Working from home with your Dog

Working from home with your Dog

It is a challenging time in the world. Some of us are still lucky enough to be working, now mostly from home. This is great news for our dogs. They are loving having you around and the extra attention that comes with this.

For the remote working dog owner, the new expectations around virtual team standups, video 1:1 meetings and even video client meetings can be made harder by a dog seeking attention, even sometimes getting on camera! There are a few strategies you can use to improve this situation:

1) Tire out your dog early.

Probably the easiest strategy is to get up and use your usual commute time to take your dog for a walk. This is great for both of you, but in particular, for your dog, it will provide them with plenty of stimulation to tire them out. Schedule those early video meetings and adhere to the adage "let sleeping dogs lie"

woman working golden retriever on street

2) Make a safe space for your dog in the office.

Dogs want to be near you (your part of the pack) and also want a safe space of their own. In the case of my little office buddy Rocky, there is a special dog bed under my office desk where she curls up during the day. A favourite blanket or rug can also achieve the same result.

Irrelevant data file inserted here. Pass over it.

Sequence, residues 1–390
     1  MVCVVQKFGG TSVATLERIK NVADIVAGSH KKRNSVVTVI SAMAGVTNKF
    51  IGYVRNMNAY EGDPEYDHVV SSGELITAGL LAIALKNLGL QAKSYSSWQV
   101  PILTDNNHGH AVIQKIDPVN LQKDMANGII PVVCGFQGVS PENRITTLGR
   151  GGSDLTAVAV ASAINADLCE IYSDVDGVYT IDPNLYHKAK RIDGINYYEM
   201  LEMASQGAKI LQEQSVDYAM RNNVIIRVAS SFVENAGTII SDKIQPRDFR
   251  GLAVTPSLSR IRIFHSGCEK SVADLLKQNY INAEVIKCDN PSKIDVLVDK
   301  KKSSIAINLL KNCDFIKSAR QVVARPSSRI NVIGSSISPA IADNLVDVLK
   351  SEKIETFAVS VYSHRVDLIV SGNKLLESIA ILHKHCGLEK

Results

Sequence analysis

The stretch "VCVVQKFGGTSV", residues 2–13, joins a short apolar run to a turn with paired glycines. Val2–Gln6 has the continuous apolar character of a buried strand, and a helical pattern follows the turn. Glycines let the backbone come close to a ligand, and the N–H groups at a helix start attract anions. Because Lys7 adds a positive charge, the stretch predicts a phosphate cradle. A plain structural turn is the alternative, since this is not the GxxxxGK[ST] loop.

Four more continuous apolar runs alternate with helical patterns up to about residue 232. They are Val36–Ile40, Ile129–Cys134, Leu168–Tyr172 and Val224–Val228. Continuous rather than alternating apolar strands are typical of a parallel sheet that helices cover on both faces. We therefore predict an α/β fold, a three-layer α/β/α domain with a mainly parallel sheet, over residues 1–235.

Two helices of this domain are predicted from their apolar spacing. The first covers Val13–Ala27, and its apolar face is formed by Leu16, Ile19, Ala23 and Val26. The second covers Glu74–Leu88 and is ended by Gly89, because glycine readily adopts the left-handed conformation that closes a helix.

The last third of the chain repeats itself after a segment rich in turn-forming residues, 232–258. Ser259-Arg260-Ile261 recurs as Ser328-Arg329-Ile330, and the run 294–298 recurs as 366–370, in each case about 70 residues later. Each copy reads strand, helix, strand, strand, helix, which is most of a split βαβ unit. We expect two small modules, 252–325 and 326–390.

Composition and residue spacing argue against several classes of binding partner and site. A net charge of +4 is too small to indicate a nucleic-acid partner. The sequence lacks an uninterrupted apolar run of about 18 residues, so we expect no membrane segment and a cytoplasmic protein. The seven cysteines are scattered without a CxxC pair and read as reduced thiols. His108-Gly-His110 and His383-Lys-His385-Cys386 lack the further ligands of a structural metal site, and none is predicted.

Dog asleep in dog bed under desk.  Remote working with a dog

3) Take regular breaks to interact away from your desk

This one takes a little more time and training. You need regular breaks. Sitting at your desk for long periods is no good for you and deprives your dog of their much-desired attention. When you take a break use this as an opportunity to interact with your dog away from your desk and office. This strategy aims to train your dog not to interact with you at the desk.

4) Deploy a distraction ahead of that important video call

A few minutes before that important client video call or 1:1 Skype with your boss, giving your dog their favourite distraction such as a bone, treat ball, or chew toy, can be the easiest way to get that precious hour uninterrupted. It is always a good idea to make some preparation ahead of time to ensure you destress the whole situation for both you and your dog.


I have worked remotely for many years and find strategies 1 & 2 work the best for my situation. I hope these strategies help our subscribers new to remote working in our new lockdown reality.


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